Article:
It’s been awhile since I’ve written, I think I got over the initial ‘excitement’ at having a blog. But I’m determined to keep going. In the meantime, I’ve done even more reading and am learning new things everyday about how food affects our bodies. Also, a lot of the books go into detail about the environmental impact of the production of certain foods (ie. Meat, vegetables etc) and also the animal welfare aspects of producing meat. However, most of the books I’m reading are American so I would be interested to know more about animal welfare/animal production in Australia. Growing up on a farm (small, hobby farm), with around 20 head of cattle, I know that we didn’t mistreat our steers. They were never given hormones, they had large paddocks to roam, plenty of food; this is a different story then the American books I am reading.
Typically, I’ve always shied away from learning about meat production, mainly because I love animals. I actually hate the thought of killing animals for their meat. I know it is what has always been done and it’s all about the food chain/circle of life/caveman or blah blah blah, but it does baffle me. However, I’ve always just taken it for granted, just willed my mind to block out the fact that I’m eating the flesh of another (previously) living being. Anytime anyone tried to talk to be about how the chunk of meat I was hacking into was an animal I would shudder and say ‘don’t talk to me about that’.
The problem is, I like meat. I like the taste, I like what it does to a meal; there isn’t any very good, non-processed vegetarian or plant-based substitutes, and I’ve had a lifetime of thinking that meat was ‘good’ for you. BUT, all the new research I’ve been doing is telling me meat isn’t great for the human body. Now, I’m not saying that I think everyone should only eat plants. I am hesitant to inflict my views on others strongly. So, at this point in time, I am attempting to use less animal products and eat a mainly plant-based diet. Meat is apparently very hard to digest. Here is an excerpt from the book I’m reading, The Kind Diet.
“A carnivore’s intestines are only about 6 feet long, because meat isn’t meant to hang out in the gut gorever. Our intestines are 20 feet long; when we eat meat, it takes a full 72 hours to pass through us. That’s 3 days, and your body, my friend, is 98.6 degrees (F) inside! It’s like having a steak sit out in the hot sun for 3 days straigh. Eventually it will start to rot and putrefy. And that’s what’s happening inside you”.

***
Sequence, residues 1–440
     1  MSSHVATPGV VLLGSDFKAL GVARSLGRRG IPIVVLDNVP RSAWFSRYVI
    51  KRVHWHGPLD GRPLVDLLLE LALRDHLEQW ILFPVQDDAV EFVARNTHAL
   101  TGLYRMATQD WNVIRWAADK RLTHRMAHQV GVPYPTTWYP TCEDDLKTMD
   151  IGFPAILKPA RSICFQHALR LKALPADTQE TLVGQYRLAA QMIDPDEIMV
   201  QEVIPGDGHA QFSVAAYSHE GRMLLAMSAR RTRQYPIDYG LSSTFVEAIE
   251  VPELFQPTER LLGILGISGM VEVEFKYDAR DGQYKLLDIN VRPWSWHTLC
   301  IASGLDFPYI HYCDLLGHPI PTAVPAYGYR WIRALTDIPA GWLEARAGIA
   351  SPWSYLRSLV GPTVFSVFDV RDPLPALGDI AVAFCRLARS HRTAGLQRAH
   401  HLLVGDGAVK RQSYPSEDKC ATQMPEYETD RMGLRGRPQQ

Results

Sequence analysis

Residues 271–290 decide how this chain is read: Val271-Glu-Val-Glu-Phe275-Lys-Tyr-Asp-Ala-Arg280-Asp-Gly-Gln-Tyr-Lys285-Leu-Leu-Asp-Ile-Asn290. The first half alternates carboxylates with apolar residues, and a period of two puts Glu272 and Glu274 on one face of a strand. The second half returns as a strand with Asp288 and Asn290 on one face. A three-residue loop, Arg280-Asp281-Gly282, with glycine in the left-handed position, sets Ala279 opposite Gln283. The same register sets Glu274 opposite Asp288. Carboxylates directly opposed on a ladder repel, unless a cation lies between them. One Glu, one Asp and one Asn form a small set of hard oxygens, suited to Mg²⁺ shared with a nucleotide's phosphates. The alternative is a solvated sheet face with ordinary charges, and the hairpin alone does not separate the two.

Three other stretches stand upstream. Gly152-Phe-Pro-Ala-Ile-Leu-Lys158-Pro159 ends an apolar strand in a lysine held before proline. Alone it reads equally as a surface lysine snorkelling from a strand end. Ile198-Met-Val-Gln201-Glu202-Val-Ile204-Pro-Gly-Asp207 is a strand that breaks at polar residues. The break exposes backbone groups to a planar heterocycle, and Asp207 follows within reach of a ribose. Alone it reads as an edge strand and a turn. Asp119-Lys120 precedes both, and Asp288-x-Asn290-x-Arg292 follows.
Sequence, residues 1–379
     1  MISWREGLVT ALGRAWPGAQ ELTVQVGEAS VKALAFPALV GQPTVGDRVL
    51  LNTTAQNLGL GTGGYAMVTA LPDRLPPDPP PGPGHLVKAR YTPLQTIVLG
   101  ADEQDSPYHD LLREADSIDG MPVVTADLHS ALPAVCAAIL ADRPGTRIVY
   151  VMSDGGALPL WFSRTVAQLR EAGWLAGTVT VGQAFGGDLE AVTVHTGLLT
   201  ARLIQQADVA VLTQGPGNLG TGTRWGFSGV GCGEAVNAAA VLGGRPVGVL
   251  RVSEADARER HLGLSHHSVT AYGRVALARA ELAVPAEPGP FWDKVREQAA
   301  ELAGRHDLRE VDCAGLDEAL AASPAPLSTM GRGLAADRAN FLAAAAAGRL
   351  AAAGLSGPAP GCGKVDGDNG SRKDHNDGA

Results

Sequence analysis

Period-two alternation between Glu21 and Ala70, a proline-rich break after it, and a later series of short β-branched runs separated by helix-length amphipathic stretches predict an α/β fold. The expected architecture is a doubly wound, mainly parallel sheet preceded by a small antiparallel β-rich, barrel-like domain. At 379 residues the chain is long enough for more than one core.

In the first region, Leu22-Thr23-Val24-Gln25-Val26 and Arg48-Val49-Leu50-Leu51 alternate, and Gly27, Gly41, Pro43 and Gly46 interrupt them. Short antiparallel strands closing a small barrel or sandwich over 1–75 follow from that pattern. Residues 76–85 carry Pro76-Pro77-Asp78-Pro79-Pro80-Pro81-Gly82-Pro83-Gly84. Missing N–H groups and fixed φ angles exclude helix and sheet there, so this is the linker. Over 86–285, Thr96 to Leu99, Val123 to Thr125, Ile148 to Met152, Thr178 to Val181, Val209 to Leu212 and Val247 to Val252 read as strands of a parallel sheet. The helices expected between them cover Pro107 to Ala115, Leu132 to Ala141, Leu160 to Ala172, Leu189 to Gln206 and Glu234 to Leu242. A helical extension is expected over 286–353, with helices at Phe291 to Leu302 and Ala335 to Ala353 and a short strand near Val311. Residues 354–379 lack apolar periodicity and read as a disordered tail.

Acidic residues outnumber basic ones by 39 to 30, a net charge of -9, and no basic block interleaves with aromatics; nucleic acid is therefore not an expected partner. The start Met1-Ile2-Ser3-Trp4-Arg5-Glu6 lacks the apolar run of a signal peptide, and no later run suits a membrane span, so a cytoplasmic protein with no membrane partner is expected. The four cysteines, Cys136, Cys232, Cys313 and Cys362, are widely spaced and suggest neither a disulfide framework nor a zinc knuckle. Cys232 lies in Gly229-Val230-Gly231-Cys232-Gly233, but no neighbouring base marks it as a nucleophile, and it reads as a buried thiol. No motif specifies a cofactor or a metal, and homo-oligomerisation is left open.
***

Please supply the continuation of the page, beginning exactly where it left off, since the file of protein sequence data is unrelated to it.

See some info here, here and here. I would highly recommend reading The Kind Diet by Alicia Silverstone (yes, the girl in Clueless). It seems to be a very easy read which has combined a lot of the learnings I’m finding. Unfortunately, I’m not very good at re-explaining things.
I hesitate to call myself a ‘vegetarian’ or ‘vegan’, because quite frankly I’m not, and I doubt I ever will be, however I really am aiming to minimise the amount of animal products I use. I am learning about new ways to substitute animal products. Flax seeds and psyillium husks for eggs, vegetables for meat, non-dairy milks etc. I’m trying to limit the amount of meat we eat in a week to 1 or 2 meals, sometimes none (if I can convince Sam to! He’s not entirely convinced of my newfound-knowledge!). What meat we do use, I try to ensure we get organic, we have been buying from either Flannery’s or The Meating Place in Paddington. I also haven’t been consuming any dairy (ok, I’ve cheated a bit on this, I ate some cheese and an icecream whilst away over the weekend), eggs or other by-products as much as possible.
But, I have a confession to make: I’m craving chocolate. I can’t give it up. I’m really struggling. What is that saying? 13 days to break a habit? I need to do that. All my talk about giving up processed foods, and I can’t give up chocolate. I’m yet to find a good substitute! Any suggestions would be very welcome.
In the meantime, here is an awesome lasagne recipe. I love a good lasagne; there is nothing quite like it. This one is I guess a moussaka/lasagne, I’m not entirely sure of the difference between the two. It started with an eggplant; my latest vegetable in my quest to try new veggies, I’ve never particularly like eggplant, but after this, I’d definitely buy again. Other ingredients included a thin layer of fresh mozzeralla (I think it was the first time I ever bought one of those soft round blogs of it?) and organic, fresh lamb mince.